In February of 2018, G Herbo was sentenced two years of house arrest after officers caught him with a firearm while riding in a limo in his hometown of Chicago. For the next two years, he would begin to grapple with why: “It was from post traumatic stress disorder,” G Herbo says. “Being nervous and having to carry a firearm everywhere. Any feeling that I got and came to my brain I let it out on wax. It brought me to PTSD, the album.” Released at the end of February, it’s the Chicago rapper’s most vulnerable album to date, and also his best; it peaked at Number 5 on the Rolling Stone Top 200 Albums Chart.
G Herbo burst onto the scene in 2012 (he was “Lil Herb” at the time), during the peak of Chicago’s drill music explosion. From the beginning, he’s sought to chronicle his city from his perspective — Herbo’s first mixtape, Welcome to Fazoland, was the first of a series of mixtapes paying homage to a close friend he lost to gun violence. On songs like “At The Light,” Herb brought you into his traumatic reality. “I know n**as out for my life, gotta look to my left and my right/I’ll be damned if I get left at the light, summertime, I remember them nights.” PTSD is an evolution of the themes that have always defined his work.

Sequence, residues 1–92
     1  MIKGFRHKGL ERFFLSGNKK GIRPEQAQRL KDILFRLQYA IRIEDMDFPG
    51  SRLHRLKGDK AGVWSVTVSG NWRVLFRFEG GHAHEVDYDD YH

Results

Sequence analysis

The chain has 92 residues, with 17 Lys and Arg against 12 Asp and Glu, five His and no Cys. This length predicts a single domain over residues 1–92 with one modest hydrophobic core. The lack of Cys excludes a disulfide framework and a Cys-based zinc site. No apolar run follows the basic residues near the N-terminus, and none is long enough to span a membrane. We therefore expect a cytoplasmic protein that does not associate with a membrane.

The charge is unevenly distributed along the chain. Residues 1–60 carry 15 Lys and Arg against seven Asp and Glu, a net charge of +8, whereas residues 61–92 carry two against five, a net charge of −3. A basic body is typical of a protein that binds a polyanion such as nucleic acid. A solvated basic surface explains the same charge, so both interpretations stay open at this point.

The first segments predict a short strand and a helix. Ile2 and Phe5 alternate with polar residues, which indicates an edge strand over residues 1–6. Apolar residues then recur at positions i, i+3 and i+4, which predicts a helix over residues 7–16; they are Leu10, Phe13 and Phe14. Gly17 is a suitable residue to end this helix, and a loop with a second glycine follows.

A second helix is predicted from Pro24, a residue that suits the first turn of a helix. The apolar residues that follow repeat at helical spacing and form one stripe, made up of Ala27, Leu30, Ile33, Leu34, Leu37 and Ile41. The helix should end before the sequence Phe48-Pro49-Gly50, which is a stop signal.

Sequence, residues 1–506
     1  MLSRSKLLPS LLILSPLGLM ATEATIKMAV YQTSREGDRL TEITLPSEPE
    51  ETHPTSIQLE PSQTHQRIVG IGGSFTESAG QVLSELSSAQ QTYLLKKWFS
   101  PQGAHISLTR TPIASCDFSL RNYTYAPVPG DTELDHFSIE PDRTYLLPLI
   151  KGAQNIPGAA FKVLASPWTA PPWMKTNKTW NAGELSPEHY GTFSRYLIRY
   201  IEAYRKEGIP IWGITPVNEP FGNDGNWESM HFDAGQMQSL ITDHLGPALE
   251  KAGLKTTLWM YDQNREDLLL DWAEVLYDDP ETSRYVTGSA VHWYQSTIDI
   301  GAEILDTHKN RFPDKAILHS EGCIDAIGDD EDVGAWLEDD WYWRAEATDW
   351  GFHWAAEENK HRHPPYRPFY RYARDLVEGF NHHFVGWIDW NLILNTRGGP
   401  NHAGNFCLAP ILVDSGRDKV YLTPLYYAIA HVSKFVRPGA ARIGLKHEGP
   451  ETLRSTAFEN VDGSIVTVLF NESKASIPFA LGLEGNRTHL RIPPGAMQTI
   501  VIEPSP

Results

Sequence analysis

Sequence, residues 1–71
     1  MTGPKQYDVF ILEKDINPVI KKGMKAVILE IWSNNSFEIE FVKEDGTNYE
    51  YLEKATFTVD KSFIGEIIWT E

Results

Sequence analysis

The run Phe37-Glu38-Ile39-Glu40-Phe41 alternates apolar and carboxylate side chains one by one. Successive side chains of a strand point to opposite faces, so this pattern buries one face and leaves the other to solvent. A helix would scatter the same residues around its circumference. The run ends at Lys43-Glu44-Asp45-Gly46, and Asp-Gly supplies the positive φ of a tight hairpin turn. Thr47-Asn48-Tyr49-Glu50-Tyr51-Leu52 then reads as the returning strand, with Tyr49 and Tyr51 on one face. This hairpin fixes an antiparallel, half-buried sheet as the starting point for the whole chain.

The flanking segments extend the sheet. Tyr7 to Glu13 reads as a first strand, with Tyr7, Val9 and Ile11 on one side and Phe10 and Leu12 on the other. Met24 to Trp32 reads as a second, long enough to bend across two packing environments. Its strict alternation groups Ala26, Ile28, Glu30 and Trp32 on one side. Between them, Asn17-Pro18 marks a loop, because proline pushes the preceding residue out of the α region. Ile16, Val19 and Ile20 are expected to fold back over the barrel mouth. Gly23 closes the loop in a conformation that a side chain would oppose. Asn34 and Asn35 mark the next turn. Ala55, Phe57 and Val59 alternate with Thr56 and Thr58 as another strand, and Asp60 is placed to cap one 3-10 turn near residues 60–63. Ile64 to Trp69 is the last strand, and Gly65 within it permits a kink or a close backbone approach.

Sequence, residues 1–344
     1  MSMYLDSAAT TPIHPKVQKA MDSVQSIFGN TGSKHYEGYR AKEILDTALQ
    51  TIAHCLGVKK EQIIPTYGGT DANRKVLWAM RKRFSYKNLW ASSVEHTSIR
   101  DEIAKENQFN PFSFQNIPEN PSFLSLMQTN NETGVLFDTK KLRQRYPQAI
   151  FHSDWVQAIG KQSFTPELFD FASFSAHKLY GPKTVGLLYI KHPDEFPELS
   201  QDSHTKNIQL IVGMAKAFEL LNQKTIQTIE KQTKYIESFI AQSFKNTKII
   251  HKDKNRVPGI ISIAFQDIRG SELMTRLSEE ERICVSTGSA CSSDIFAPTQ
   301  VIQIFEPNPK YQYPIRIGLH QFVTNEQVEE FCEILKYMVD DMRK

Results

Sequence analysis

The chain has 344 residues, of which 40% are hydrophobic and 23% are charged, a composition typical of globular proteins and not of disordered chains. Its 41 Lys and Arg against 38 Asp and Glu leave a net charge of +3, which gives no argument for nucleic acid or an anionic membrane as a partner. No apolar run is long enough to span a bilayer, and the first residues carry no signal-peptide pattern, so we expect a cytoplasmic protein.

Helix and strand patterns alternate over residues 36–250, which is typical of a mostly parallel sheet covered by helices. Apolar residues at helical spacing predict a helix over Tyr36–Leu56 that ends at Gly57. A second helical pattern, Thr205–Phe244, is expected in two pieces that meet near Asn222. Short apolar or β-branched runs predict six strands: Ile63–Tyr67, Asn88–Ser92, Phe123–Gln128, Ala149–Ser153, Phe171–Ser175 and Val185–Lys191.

Just a day after ‘PTSD’ was released, one of Herbo’s younger sisters faced the same tragedy he’s been writing about. “One of my younger sisters suffers from post traumatic stress disorder,” he says. “One of her best friends was shot multiple times in a grocery store or a corner store literally the day after I dropped my project. So it’s a non-ending cycle rather you’re a male or female.”
Stuck at home after his tour was cancelled due to the COVID-19 outbreak, G Herbo talked via phone with Rolling Stone about PTSD, how Chicago shaped the album, and what it was like working with Juice WRLD.
Can you talk about the inspiration behind the album title, and how you came up with the concept?
I always made music based upon my life, and things I am going through. So PTSD just came from years and years of having post-traumatic stress disorder and not being able to deal with it, or even acknowledge the problem. I was clinically diagnosed after years and years of being in the streets and seeing my homies die and being paranoid, having to carry weapons, and having the survivor’s instinct. I have had [PTSD] for well over 10 years of my life.